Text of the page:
1. Land management. Productive soils should be monitored for proper pH and fertility with good drainage and no compaction. Properly fitted, elevated seed beds are highly desirable. Good land and good weather will overcome numerous mistakes.
  2. Planting. Choose good-quality planting seed of varieties with high-yield and -quality potential and yield stability. Plant for three to four surviving plants per foot of row. Proper in-row plant spacing is at least as important as genetics to earliness. For example, at one to two plants per foot of row, 30 to 40 percent of total yield occurs in the first-eight first-position bolls; at three to four plants per foot of row, 60 to 70 percent of total yield occurs in the first-eight first-position bolls.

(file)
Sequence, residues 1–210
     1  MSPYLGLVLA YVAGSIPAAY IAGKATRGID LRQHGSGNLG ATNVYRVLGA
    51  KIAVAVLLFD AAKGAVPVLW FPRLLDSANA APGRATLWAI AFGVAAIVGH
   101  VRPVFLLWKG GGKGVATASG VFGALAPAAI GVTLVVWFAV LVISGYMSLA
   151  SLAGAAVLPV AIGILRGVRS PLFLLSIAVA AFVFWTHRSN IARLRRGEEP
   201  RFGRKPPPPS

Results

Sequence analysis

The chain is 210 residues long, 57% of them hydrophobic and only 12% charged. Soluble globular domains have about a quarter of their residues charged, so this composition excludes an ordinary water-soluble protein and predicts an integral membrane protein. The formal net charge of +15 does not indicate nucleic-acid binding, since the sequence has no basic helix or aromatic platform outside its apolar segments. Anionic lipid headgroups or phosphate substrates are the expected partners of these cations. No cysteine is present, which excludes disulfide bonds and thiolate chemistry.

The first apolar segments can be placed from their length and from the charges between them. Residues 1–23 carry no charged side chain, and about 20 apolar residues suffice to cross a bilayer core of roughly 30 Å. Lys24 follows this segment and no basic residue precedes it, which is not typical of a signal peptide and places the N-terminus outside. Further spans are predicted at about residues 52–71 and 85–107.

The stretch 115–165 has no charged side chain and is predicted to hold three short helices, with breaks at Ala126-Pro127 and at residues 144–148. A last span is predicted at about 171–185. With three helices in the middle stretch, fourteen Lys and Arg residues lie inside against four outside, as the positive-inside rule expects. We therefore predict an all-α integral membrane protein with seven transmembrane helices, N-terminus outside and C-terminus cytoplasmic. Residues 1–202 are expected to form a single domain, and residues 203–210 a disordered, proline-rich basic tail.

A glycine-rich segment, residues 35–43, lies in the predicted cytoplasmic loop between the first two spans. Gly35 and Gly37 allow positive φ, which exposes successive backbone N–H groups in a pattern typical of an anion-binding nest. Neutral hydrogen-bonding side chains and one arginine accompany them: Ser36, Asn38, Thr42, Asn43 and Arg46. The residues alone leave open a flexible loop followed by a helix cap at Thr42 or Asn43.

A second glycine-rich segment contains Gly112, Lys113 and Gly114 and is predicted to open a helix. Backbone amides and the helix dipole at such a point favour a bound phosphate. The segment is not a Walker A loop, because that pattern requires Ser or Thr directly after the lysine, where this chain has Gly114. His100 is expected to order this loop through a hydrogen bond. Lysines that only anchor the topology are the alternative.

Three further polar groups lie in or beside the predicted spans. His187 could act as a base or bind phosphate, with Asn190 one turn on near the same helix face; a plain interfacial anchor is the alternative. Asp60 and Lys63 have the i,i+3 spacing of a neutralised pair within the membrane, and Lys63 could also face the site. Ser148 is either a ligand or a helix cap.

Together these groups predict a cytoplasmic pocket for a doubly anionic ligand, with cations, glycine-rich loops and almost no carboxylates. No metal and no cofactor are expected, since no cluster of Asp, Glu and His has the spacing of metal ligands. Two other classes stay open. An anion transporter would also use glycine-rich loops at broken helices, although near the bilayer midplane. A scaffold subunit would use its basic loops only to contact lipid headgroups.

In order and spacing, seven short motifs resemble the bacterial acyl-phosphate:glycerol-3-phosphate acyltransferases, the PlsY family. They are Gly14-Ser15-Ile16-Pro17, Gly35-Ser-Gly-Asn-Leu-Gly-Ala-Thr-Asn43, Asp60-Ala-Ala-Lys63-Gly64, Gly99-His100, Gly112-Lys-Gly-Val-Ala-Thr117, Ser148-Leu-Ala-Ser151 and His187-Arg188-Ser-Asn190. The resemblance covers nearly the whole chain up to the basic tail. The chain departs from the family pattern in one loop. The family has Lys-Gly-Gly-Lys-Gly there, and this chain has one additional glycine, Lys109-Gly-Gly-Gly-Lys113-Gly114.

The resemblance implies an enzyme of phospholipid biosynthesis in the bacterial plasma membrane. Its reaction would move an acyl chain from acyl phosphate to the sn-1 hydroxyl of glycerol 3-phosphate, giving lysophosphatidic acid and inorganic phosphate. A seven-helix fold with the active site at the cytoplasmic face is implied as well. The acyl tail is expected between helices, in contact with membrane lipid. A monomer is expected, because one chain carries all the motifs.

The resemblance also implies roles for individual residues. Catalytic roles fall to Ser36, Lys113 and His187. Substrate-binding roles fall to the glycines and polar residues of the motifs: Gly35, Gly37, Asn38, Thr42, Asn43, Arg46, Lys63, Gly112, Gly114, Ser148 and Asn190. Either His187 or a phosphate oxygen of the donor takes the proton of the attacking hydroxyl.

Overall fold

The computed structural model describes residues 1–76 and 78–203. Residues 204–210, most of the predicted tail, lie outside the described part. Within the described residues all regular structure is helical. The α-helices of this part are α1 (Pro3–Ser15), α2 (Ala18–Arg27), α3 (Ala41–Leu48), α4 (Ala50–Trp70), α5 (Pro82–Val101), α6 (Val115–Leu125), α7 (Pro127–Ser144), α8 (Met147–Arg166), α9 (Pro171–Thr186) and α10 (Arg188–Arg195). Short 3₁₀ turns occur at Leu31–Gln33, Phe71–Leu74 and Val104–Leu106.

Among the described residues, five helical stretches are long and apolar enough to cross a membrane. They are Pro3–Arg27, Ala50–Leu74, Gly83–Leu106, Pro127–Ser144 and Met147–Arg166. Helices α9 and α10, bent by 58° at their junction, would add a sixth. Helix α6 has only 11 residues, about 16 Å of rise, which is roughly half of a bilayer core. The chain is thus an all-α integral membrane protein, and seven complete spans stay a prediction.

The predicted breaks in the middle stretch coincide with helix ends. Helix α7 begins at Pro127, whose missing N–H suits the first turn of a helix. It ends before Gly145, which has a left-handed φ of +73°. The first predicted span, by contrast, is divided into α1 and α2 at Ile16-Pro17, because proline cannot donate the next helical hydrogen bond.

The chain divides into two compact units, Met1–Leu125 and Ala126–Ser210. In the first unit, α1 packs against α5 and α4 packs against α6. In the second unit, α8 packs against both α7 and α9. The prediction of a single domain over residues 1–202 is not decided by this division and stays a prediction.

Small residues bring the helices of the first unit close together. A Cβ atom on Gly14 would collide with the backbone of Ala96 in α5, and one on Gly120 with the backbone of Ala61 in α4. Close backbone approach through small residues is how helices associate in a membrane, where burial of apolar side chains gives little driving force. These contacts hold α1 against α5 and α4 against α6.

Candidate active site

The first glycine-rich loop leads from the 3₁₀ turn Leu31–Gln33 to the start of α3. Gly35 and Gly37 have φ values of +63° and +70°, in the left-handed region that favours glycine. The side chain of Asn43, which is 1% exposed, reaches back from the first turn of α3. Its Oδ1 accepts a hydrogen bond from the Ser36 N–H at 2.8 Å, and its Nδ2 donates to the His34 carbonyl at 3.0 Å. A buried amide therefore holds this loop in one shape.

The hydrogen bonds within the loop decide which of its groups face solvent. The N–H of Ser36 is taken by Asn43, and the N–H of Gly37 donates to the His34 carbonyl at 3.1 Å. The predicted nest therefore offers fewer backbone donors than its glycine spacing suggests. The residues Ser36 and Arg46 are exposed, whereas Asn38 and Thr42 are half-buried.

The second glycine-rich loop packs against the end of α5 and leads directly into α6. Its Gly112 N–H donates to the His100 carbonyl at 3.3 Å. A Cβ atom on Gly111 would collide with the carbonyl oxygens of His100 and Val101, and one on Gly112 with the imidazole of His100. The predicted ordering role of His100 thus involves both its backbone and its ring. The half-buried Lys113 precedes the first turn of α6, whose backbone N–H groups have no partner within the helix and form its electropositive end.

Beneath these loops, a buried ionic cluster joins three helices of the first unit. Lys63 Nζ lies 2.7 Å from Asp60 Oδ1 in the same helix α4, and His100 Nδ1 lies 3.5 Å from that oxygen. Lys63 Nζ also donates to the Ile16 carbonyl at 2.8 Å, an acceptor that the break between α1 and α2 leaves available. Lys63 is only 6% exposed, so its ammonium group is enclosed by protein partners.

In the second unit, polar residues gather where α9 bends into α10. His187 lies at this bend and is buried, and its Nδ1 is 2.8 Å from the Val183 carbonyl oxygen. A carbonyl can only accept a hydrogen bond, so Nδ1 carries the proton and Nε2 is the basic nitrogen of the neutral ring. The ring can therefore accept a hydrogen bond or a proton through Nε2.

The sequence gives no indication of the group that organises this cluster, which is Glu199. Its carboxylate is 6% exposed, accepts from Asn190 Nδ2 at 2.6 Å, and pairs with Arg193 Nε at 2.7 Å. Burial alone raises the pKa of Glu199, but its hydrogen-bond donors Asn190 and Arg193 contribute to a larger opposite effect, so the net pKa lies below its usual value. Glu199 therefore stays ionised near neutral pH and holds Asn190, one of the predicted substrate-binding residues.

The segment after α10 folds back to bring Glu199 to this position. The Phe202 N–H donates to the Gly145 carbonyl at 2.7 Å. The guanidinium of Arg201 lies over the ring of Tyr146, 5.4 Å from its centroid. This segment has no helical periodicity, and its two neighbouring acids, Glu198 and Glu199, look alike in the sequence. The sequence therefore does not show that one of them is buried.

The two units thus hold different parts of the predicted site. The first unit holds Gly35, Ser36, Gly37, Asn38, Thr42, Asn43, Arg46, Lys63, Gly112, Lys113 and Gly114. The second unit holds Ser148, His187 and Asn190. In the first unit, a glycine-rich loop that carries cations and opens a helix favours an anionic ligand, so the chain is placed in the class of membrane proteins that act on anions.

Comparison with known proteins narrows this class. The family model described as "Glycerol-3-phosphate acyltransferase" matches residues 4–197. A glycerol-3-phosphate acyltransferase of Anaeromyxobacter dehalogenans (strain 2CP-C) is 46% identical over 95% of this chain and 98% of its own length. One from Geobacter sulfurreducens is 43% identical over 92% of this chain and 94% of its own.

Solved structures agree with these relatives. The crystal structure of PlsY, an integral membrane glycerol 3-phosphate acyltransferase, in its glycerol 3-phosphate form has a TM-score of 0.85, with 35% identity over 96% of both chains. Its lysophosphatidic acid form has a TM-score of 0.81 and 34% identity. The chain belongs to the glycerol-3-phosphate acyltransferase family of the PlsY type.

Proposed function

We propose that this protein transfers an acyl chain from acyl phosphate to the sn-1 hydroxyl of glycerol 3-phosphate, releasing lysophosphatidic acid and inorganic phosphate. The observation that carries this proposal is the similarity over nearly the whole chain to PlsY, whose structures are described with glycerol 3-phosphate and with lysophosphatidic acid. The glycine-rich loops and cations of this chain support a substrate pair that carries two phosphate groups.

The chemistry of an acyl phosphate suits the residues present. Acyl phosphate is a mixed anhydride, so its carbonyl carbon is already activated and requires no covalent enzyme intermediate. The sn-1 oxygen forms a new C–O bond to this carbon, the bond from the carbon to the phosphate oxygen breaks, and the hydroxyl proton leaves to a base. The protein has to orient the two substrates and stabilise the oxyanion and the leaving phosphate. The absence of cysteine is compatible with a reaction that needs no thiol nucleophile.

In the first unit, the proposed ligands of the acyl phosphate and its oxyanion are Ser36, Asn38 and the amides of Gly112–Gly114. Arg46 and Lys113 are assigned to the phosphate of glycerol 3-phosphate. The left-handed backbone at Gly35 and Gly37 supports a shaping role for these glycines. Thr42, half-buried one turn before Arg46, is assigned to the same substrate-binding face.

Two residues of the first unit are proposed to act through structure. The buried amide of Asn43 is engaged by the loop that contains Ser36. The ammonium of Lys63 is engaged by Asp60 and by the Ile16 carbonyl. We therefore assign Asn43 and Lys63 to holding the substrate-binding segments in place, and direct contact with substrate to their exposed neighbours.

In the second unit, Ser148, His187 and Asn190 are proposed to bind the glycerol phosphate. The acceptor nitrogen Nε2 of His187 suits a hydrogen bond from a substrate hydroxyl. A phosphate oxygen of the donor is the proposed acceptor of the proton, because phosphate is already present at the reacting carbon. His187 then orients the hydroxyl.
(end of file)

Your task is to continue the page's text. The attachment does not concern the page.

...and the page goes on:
3. Avoid or alleviate stress. Irrigation is the most obvious management tool for drought stress. Drought stress during early boll development will reduce staple length. Good staple length will reduce the odds for high micronaire. Don't wait until it is too late to start irrigating.
  4. Pest management. Adequate insect and weed control is essential for good yields. The objective of producing a cotton crop is to make a profit. Never give up the option to make a profit for convenient weed and insect control. Good yield and quality are essential for making a profit.
  5. Crop monitoring is essential for intelligent production management.
  6. Harvest aid management. A high-quality cotton crop can be lost to poor defoliation management. Good defoliation management is essential to preserving fiber quality and yield potential. This demands an effective crop monitoring program.

Hal Lewis is an independent cotton breeder in Doddridge, Ark.